Here, we report a case of successful pericardiocentesis, performed in an ELBW neonate who presented with cardiac tamponade 13 days after the insertion of a PICC.
A male neonate; 1130 g weight with a 29 week of gestation was born with an Apgar of 5 and 8 at 1th and 5th minute respectively. He was ventilated with nasal Continuous Positive Airway Pressure (nCPAP) for 3 days because of respiratory distress. A PICC (Vygon, Germany) was inserted electively on 5th day of life through the basilic vein in the right cubital fossa to access central vein. The chest X-ray showed the right position of the catheter. On day 13, unexpectedly, the patient deteriorated; he developed cardiac arrest and cardio-pulmonary resuscitation was initiated. He was intubated and subsequently was put on mechanical ventilation for respiratory support. Chest X-ray showed the catheter tip in the right atrium (Figure 1). The PICC was pulled back. Oxygen requirement of the patient increased up to 1.0, he developed tachycardia (heart rate 210/min) and hypotension (mean blood pressure <15 mm/Hg). Depending on the clinical findings pericardial effusion was suspected. Transthoracic echocardiography demonstrated marked pericardial effusion with evidence of cardiac tamponade. Pericardiocentesis was performed and 9 ml of fluid was aspirated. Biochemical analysis showed that it was composition of TPN solution. Echocardiography five minutes later showed increased contractility. The patient recovered quickly and mechanical ventilation support was discontinued after an hour. In follow up, echocardiograms performed in each 2 weeks showed no reaccumulation of the fluid and normal cardiac filling and contractility.
Pericardial tamponade should be considered immediately in any infant with PICC line who has a rapid onset of bradycardia, hypotension, desaturation, congestive heart failure and cardiac arrest. Pericardial tamponade is a rare but serious life threatening complication of PICC. The mortality rate of pericardial tamponade has been reported to be as high as 67% .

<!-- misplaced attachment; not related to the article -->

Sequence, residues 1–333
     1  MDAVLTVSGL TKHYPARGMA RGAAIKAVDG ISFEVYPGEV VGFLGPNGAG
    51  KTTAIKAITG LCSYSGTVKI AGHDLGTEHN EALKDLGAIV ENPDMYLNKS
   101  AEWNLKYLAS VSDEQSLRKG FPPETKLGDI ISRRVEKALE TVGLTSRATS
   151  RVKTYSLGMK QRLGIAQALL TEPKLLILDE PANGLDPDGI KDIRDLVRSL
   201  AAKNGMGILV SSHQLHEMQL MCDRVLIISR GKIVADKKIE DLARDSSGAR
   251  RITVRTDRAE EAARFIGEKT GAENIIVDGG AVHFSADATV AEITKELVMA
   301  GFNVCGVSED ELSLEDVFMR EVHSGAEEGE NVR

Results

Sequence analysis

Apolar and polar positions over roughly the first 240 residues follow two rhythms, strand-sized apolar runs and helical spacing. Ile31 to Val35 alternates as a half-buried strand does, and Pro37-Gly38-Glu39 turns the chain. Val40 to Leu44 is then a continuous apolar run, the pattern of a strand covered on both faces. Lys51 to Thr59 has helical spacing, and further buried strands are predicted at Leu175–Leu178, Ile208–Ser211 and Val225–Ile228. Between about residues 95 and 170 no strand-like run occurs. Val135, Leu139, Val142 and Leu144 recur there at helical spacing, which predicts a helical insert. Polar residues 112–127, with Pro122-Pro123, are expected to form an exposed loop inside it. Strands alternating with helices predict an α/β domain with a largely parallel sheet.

Agarwal et al. have reported a case of pericardial tamponade in a 24- week premature infant. Autopsy showed a pericardial effusion, a total of 5 ml of fluid was aspirated from the pericardial cavity . The etiology pericardial effusion is not clear; however several possibilities have been proposed based on clinical and autopsy findings [7-9]. The myocardium in neonates may have areas of weakness; so it is not completely muscularized and because of this it is vulnerable to injury . Repeated contact of the catheter tip with the cardiac wall with each contraction leads to endothelial cell damage and subsequent adherence of platelets and activation of the coagulation cascade. The resulting thrombus fosters attachment of the catheter tip to the heart, causing irritation of the endothelial cell lining by the infusate, causing osmotic injury. Through the damaged lining, fluid then diffuses into the pericardial space forming an effusion. In our case, we did not appreciate any thrombus at the catheter tip on echocardiogram or on removal.